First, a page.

I am more concerned now than I was earlier. Senator Dardis put his finger on it, and it seems to me too that bureaucracy is going wild. Even if we create an organisation called the Irish Food Board — or Food Ireland as I want it to be called — whose job would be to sell what already exists, it will still be the job of somebody else to encourage the development of new products and will only be a small part of their overall remit. That is why Culliton recommended an expert food group to consider the food industry and why the expert group said the development of food is so important. Food has always been the lost cousin of the pharmaceutical and computer sectors but now, suddenly, the development of new food products will be left to Forbairt and An Bord Bia's job will be only to sell what is produced elsewhere. The Minister must think this problem through more deeply. The development of new food products has to be part of An Bord Bia's remit. If not, we will end up believing that marketing is only about selling whereas it is about listening to customers' complaints. That is what spurs people on the development side of the business to improve the situation. However, if the person whose job that is does not even report to the same Minister, we have very little chance of getting this off the ground. An Bord Bia's role must include the discovery and development of new products.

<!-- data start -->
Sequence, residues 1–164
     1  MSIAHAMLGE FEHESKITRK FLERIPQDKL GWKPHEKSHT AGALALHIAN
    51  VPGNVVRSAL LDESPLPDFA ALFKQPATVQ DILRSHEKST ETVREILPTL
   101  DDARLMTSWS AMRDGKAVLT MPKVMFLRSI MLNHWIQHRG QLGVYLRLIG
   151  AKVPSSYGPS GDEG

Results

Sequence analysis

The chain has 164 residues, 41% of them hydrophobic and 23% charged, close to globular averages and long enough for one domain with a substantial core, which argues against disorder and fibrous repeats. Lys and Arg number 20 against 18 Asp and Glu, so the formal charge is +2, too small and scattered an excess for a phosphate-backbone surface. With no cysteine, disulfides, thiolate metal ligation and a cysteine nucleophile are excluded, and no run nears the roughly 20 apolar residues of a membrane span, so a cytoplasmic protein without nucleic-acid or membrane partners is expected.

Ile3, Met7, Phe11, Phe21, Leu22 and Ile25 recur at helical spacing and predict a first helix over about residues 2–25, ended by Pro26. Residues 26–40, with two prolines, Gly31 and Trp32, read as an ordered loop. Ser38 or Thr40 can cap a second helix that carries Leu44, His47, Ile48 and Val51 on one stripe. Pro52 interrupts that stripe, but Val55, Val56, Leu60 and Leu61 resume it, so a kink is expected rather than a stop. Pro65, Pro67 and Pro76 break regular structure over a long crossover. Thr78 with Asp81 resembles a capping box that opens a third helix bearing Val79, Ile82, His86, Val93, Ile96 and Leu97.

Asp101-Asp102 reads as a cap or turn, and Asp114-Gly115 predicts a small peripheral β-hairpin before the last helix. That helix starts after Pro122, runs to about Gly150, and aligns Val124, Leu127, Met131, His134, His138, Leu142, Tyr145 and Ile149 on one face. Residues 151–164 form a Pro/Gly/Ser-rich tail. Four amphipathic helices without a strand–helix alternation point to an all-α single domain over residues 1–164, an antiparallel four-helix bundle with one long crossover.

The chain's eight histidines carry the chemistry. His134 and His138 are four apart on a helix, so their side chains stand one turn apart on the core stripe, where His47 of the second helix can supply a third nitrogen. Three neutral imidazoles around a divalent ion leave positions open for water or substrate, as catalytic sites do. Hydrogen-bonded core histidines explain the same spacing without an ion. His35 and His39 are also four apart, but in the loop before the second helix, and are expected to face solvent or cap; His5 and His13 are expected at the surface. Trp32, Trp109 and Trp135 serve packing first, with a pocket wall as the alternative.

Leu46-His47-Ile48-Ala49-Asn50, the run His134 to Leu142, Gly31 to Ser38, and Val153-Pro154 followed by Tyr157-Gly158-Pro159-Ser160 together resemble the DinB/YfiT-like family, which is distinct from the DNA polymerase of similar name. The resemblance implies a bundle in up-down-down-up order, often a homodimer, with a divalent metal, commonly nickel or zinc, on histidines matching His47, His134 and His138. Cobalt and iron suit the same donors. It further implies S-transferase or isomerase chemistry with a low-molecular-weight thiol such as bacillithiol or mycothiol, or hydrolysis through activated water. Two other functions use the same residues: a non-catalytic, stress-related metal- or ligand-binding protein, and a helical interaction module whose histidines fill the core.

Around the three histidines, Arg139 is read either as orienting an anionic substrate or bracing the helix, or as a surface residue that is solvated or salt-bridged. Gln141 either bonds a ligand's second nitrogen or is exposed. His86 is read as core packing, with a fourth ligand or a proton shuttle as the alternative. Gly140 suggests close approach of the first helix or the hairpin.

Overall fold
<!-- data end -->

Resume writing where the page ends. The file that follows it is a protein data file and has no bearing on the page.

Forbairt reports to the Minister for Food in food matters. That has been the practice and will continue. There will be a representative of the Minister for Enterprise and Employment on the board and while that provision is not included in the legislation it will be done by way of agreement. We need to further clarify the role of An Bord Bia as envisaged in the legislation. The development of value added products, and products in general, is an expensive business where one can be lucky or unlucky. It is the private sector which sells to the multiples. We are endeavouring at the moment to sell to the independent chains, which account for an extensive part of the market in Europe. The market intelligence role of An Bord Bia will enable the scope for value added products to be identified and fed back to industry. When industry requires funding for product developmentper se, it will not go to An Bord Bia but to Forbairt, the agency which will provide funding for the research and development of products.